Some 270 million Americans received at least one COVID-19 vaccine dose. Tens of thousands have since claimed they suffered a COVID vaccine injury, ranging from minor side effects to severe adverse reactions. Around 9,000 of those people have requested compensation through the only legal avenue available to them—the federal government's Countermeasures Injury Compensation Program (CICP).
To date, the CICP has paid only $30,855 to just eight claimants. Another 1,588 people have had their claims turned down—making for a 98 percent rejection rate. Thousands more have been left waiting with no response. If their claims are also rejected by the program, they have no other means of ever getting compensation.
Typically, someone who's been injured by a product, medical or otherwise, would be within his rights to sue the manufacturer in a state court. Since the 1980s, federal liability protections prevent people from suing vaccine makers.
But under the decades-old National Vaccine Injury Compensation Program (VICP), people claiming an injury from a non-COVID vaccine are given an alternative to standard civil litigation. Injured patients instead sue the federal government in special vaccine courts, where both sides have lawyers, a special master (judge) decides claims, and people can appeal rejected compensation requests to higher courts. VICP petitioners need only show a preponderance of the evidence that they were injured by a vaccine—a relatively low burden of proof. The VICP approves about half of all claims and pays out $200 million a year (all funded by an excise tax levied on vaccine doses).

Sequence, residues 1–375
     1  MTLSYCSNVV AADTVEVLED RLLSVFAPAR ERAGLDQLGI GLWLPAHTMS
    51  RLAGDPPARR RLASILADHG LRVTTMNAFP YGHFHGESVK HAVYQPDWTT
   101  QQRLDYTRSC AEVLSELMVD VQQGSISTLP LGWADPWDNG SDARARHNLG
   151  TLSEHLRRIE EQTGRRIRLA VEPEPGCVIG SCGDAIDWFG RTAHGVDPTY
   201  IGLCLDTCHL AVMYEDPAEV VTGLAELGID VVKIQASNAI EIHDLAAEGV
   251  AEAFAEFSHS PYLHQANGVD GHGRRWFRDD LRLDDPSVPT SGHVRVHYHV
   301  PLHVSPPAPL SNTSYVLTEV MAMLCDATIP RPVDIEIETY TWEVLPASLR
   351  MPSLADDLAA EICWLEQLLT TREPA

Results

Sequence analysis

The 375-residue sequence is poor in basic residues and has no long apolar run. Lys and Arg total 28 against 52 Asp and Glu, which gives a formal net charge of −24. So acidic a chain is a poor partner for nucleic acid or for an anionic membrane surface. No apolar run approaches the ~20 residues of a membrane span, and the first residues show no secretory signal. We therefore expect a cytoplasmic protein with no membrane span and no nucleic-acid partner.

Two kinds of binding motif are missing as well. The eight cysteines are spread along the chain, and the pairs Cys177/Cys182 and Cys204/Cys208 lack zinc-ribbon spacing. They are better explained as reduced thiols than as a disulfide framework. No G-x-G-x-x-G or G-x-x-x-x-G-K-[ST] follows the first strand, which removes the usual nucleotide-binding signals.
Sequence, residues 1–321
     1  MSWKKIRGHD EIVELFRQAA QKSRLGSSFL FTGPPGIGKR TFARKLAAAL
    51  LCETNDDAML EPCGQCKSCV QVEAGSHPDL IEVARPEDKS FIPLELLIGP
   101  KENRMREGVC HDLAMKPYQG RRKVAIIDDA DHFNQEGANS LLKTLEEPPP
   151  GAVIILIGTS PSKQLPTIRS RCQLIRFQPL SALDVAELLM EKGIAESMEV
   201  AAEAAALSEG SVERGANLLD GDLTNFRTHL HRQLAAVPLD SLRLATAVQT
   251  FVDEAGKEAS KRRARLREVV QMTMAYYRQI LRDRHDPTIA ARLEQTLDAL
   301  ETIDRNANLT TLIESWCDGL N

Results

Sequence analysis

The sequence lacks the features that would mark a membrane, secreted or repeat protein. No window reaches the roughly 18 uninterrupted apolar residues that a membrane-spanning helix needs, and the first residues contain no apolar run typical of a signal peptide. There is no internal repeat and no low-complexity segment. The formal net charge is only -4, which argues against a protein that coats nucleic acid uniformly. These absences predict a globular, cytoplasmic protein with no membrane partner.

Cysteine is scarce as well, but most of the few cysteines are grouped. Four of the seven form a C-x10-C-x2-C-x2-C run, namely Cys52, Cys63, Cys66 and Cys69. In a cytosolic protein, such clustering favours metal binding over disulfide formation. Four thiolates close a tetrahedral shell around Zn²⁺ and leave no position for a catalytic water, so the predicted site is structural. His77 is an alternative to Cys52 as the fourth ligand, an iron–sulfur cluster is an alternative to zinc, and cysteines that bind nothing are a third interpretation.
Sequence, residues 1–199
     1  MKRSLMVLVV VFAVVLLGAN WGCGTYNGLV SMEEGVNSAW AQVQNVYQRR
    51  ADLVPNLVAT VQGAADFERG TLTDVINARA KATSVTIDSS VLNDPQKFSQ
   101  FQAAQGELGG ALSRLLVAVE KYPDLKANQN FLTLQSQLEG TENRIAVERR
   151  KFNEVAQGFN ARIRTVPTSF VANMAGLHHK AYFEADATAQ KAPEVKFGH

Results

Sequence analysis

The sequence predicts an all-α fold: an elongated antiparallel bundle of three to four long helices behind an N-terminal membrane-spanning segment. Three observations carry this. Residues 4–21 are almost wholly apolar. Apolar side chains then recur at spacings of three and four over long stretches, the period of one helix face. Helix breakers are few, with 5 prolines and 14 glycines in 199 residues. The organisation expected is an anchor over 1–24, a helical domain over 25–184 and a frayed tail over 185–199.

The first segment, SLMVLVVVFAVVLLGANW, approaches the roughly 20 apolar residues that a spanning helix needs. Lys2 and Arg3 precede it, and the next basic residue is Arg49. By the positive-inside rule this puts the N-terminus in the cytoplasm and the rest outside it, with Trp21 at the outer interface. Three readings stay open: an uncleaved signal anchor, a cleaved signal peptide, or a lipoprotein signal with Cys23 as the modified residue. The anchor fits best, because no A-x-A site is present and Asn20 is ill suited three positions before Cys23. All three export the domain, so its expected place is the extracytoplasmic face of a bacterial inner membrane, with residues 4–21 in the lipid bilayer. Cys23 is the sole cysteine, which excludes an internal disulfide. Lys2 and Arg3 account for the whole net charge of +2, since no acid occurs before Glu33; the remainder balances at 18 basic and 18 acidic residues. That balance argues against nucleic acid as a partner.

The CICP is nothing like this. The program has its origins in a piece of war on terror legislation intended to create liability protections for makers of novel, emergency countermeasures to bioweapon attacks and the like.
It's an administrative process, meaning patients' claims are decided by a federal bureaucrat, not a neutral judge. Claimants have no right to a lawyer and no right to appeal to a higher court. They must also show by "compelling, reliable, valid, medical, and scientific evidence" that their injury was caused by a COVID vaccine.
That's an exceedingly high burden of proof for vaccines that were approved without the typical years of study and testing, says Katharine Van Tassel, a law professor at Case Western Reserve School of Law. "We did not have very much time to study [COVID] vaccines, so we know the risk of injury was higher," Van Tassel explains.
All these features help explain the CICP's high rejection rates.
Advocates for the COVID vaccine injured are asking, through lawsuits and bills in Congress, to move them out of a dysfunctional CICP program and into the standard VICP program, where they stand a chance of actually getting compensation for their injuries.